So much goes on beneath our feet, and beneath our gaze. For instance, if you want to find out what is going on in an English meadow, then you need to get down and in amongst it. There’s a whole other world down there, or maybe a thousand tiny universes. On the other hand, finding a meadow in the first place could well be a challenge. They have been dwindling since the 1920s. Mechanisation – bigger machines and bigger fields – plus a continuous drenching of agrichemicals has done for most of them. (One local landowner once told me he had to give his brussels sprout crop 14 separate dressings of pesticide).
Of course we have to be fed, but I often wonder if mass-production monoculture is the only way. I also wonder if there are perhaps still unrecognised consequences of us so radically down-sizing our natural biodiversity, and that what currently seems advanced, scientifically devised, and wealth-creating might in the end prove ill-conceived and ultimately impoverishing. But then perhaps we do not think it matters to lose potentially useful medicinal plants, or rich habitats that support a host of insects and other life forms, or to fail to rear our stock on the best and most varied herbage, both for their good and for ours.
In Much Wenlock we are lucky to still have several limestone meadows; fortunate too that they have been officially designated Sites of Special Scientific Interest, which gives them some protection. They do need to be managed however. A meadow does not just keep itself. My father used to talk of being roped in as a lad to help with mowing the hay in his village. He said the menfolk would walk in step, spread out across the field, each swinging his scythe with an easy, even rhythm.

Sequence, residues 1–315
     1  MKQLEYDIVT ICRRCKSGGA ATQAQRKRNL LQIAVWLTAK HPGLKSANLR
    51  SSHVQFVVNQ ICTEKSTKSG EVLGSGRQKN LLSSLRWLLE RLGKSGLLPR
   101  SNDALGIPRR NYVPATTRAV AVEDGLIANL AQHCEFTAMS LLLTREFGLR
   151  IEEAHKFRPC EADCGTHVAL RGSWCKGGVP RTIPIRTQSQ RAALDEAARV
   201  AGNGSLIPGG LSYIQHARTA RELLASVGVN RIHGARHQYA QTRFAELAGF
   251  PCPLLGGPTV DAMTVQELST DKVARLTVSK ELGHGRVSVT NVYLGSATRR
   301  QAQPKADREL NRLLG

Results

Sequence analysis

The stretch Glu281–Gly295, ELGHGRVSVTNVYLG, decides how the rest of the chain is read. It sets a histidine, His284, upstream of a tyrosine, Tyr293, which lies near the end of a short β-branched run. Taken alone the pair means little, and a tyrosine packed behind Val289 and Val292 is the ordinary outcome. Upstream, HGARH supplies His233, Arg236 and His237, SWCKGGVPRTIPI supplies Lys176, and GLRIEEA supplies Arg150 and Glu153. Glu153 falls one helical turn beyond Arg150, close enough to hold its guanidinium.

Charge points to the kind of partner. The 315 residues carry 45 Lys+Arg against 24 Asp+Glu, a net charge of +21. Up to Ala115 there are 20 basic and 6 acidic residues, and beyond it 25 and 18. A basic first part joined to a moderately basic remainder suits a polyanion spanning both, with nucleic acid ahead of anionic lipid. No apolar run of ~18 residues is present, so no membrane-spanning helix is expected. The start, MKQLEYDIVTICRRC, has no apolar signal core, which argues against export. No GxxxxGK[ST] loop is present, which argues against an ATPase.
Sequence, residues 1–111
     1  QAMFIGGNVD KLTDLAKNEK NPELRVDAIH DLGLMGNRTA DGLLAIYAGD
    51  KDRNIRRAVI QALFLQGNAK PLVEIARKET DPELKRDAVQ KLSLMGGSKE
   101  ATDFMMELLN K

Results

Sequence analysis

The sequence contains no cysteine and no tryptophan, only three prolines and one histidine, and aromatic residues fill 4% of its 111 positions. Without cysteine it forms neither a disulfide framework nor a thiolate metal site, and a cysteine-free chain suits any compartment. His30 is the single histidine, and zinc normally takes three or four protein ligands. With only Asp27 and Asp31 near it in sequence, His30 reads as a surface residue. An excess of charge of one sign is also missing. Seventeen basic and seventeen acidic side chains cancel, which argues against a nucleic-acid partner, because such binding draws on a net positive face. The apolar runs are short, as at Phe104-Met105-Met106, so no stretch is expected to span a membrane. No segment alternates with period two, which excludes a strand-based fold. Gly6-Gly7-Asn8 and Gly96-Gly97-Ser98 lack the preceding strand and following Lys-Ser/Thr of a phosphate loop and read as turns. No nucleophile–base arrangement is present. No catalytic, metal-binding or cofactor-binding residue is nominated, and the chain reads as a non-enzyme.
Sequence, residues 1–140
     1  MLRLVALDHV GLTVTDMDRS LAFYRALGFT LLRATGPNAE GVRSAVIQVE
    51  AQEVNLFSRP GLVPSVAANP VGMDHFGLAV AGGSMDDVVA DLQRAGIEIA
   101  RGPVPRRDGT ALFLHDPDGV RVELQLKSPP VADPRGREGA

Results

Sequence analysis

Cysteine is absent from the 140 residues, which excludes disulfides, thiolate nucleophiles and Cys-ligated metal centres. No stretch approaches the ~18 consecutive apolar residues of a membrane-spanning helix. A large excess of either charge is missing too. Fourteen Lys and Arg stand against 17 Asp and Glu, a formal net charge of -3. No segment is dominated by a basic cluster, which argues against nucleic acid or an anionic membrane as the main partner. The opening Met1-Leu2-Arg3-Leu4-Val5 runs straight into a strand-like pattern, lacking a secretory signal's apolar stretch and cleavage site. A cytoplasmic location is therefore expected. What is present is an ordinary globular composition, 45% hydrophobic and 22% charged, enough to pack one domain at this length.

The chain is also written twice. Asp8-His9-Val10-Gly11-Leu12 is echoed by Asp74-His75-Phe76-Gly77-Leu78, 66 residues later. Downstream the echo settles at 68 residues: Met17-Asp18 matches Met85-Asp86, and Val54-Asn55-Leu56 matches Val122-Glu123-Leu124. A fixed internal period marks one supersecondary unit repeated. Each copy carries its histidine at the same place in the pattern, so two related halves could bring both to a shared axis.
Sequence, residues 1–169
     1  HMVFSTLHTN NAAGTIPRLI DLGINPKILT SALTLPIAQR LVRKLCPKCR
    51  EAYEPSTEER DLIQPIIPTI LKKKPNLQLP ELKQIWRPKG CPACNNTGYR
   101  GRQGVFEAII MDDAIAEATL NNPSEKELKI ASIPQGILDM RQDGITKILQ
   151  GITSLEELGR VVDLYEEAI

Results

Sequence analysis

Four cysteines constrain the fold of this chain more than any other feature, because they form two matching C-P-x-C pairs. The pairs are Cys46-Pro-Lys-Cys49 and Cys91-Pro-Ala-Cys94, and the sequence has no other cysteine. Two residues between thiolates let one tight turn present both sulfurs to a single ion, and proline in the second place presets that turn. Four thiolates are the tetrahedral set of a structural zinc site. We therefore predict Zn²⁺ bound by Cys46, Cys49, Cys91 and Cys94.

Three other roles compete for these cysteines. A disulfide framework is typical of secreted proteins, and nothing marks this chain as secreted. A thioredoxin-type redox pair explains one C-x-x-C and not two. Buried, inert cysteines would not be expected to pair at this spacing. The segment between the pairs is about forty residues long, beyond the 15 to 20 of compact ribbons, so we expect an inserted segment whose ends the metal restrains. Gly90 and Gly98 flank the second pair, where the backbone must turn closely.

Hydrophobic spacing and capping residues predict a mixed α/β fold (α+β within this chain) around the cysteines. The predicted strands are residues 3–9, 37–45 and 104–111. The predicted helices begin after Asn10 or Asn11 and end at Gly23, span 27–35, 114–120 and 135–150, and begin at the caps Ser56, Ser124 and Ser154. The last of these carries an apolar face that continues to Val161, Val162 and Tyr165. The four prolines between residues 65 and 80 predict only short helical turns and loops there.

These days how many people know how to use a scythe without cutting themselves off at the ankles? Our surviving meadows thus require the seasonal addition of grazing animals to keep them in some sort of order, usually after the summer wild flowers are over. And of course, in the past, the hay from a wildflower meadow would have provided farm animals with a wealth of mineral nutrients and vitamins, dietary additions that humans, too, would have benefitted from, particularly in the milk they drank.
Even back in Shakespeare’s time, the consquences of mismanaged land were well understood. The following passage from Henry V Act V Scene II is thus much cited by meadow management proponents:
The even mead that erst brought sweetly forth
The freckled cowslip, burnet and green clover
Wanting the scythe, all uncorrected, rank
Conceives by idleness, and nothing teems
But hateful docks, rough thistles, keksies, burs,
Losing both beauty and utility.
In fact the whole of Burgundy’s speech in this scene is a condemnation of bad agricultural practices – “husbandry doth lie on heaps, corrupting in its own fertility.”
All of which is to say, wherever we live in the world, we would do well to pay attention to the ground beneath our feet and to what is going on there. Our long-term health, the health of every living thing, depends on the quality of the soil. Right now most of it needs some concentrated TLC.
My home county of Shropshire is one of England’s biggest agricultural counties, with many large gentry-owned estates of ten thousand acres and more. And so, apart from the upland sheep grazing of the hill country, most farming here is highly mechanised. Of the few exceptions that still practice traditional mixed farming, Pimhill Farm is one of the most noteworthy. It has been managed organically by the Mayall family since 1949 – wheat, oats and dairy – so it proves it can be done. Their oat products are fantastic. Even their humble, savoury oatmeal biscuits taste out of this world, and porridge made from their oats is unbelievably creamy (no milk needed). You can read the Pimhill story by following the link.
And now I’m putting my soap box away in order to get down in the dirt in my local meadow on Windmill Hill. Please also imagine the sweet and subtle scents of grasses, thyme and Lady’s Bedstraw that may only be fully savoured by lying down with them. First, though, look out for the snails:
copyright 2015 Tish Farrell